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Advances in Post-Tape Out Resource Management

By Mark Simmons, CalCM Product Manager, Mentor Graphics, Corp.

Foundries, both pure-play and independent device manufacturers (IDM), rigorously compete for market share. One factor that helps them get and keep business is turnaround time (TAT). As technology nodes advance, achieving targeted production runtimes in the post-tapeout flow gets ever more challenging. TAT is important to the fab’s customers, who are keenly interested in meeting their aggressive time-to-market schedules, and also to the fab because time means resources and money. Although a need for better control of and (in most cases) improved reduction of TAT has always been a challenge, the need for a TAT automated controlling mechanism in the post-tapeout flow has been continually neglected because simply adding more hardware has sufficed up until recently. In addition to adding compute hardware, companies also use these three strategies to achieve faster turnaround time (TAT):

  • Fine tuning OPC recipes
  • Improving input hierarchical handling of incoming designs
  • Upgrading to newer software versions to take advantage of new functionalities and performance benefits

Historically, distributed processing tasks require an upfront allocation of hardware and software resources. These resources must be pre-determined prior to starting the run, and are held for the duration of the run. As the jobs run, you can see periods when not all of the allocated resources are being used. Those resources could be used by other jobs, but there is no way to gain access to them. Clearly, this situation can be improved by better utilizing what you have through dynamic resource allocation. In fact, recently published results using a cluster manager software (Guo et. al. 2013, SPIE 8684) demonstrated just over a 30% aggregate TAT improvement for a large set of jobs in conjunction with a greater than 90% average utilization across all hardware resources.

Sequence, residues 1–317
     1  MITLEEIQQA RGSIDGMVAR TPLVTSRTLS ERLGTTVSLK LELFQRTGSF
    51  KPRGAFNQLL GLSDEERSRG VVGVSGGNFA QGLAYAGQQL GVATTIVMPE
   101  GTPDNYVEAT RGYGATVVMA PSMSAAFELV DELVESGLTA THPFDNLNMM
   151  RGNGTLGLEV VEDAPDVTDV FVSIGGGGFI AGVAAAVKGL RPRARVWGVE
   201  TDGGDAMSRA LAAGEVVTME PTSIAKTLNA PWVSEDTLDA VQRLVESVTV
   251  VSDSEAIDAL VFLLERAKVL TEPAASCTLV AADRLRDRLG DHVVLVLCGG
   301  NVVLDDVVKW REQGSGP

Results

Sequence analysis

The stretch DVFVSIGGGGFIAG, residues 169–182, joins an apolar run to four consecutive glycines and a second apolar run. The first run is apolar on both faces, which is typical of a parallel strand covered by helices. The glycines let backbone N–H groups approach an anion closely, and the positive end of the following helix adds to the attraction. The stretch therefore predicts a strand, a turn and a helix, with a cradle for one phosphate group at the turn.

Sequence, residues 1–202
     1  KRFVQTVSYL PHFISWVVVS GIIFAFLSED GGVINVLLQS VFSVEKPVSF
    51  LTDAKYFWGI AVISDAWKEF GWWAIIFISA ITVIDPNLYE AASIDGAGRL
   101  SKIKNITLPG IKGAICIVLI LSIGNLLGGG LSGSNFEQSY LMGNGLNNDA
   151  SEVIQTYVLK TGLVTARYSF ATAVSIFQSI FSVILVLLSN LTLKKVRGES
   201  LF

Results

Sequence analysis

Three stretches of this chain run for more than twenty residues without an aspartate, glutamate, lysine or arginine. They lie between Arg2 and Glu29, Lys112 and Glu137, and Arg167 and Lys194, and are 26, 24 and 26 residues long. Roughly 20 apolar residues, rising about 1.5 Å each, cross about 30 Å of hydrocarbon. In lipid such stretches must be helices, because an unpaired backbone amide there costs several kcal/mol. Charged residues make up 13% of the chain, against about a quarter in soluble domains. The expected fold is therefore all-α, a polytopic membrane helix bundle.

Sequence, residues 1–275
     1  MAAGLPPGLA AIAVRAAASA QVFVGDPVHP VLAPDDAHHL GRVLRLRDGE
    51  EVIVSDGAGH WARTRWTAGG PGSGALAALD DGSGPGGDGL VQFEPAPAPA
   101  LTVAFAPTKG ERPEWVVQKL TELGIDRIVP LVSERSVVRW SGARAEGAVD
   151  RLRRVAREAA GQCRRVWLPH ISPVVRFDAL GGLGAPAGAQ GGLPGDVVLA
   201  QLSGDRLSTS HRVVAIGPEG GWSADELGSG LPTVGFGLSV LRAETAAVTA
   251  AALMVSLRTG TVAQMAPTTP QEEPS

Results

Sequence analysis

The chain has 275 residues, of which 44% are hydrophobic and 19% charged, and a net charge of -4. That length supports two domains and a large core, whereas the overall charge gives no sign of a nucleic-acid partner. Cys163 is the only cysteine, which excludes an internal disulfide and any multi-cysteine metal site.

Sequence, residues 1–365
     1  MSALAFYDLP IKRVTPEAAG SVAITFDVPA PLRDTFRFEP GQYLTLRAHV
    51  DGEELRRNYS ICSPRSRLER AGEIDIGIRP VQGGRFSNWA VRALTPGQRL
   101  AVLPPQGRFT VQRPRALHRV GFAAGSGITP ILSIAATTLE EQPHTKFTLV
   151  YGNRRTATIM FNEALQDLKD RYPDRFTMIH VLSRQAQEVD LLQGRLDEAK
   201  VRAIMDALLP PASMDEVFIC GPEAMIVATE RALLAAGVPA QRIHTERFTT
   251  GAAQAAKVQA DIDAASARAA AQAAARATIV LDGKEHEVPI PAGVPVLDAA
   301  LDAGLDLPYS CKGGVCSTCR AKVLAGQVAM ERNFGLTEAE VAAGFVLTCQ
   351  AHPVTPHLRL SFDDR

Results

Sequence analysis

Here’s how it works. The cluster manager software governs the hardware and software resources for all jobs running on a remote compute cluster (Figure 1). It automatically provides idle resources to jobs that can use them, and revokes resources from jobs when they are not being used. In conjunction with focusing on a single job’s performance, it also improves the efficiency of resources at the cluster level, considering all cluster tasks together as a whole. The software optimizes the distribution of resources to all of the jobs running simultaneously on the cluster. In doing so, the result is both an overall aggregate runtime performance improvement and an effective maximization of utilization across the cluster resources.

Figure 1. CalCM integration with resource management tool. (Click to view full screen)

This type of dynamic resource management does the important work of reducing TAT, which is imperative in the competitive foundry industry. It achieves dynamic resource re-distribution by automatically allocating available CPUs to jobs that can use more capacity and by removing CPUs from jobs that are already at or over capacity. Resource allocation is determined by job need, level of importance, resource partitioning, and available resources. But, this system also gives the foundry monitoring information and system- and job-level controls. These features are vital to making decisions regarding the post-tapeout flow and then providing a means to react to them in ways that make the process more efficient and improve the bottom line.

If you want to read about our experiment with deploying this cluster manager software, you can access the SPIE paper “An Automated Resource Management System to Improve Production Tapeout Turn-Around Time” (registration required).

Mark Simmons is a product manager responsible for CalCM, the cluster management product, at Mentor Graphics. He works closely with foundries and large IDMs and has gained insight into their needs and challenges. He holds a B.S in physics from the State University of New York at Geneseo, a Masters in Microelectronic Manufacturing Engineering from the Rochester Institute of Technology in Rochester, NY, and an MBA from Portland State University in Portland, Oregon. He can be reached at

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One Response to “Advances in Post-Tape Out Resource Management”

  1. Bill Graupp Says:

    This technology is required in today’s manufacturing environment to maximize the utilization of the capital investment in cpu hardware that is necessary to meet the needs of the market. TAT is a cost which must be minimized. The question will be how this type of technology slides back into the design flow to minimize TAT of product development. I think there is a strong case to use this type of technology in the design side as well.

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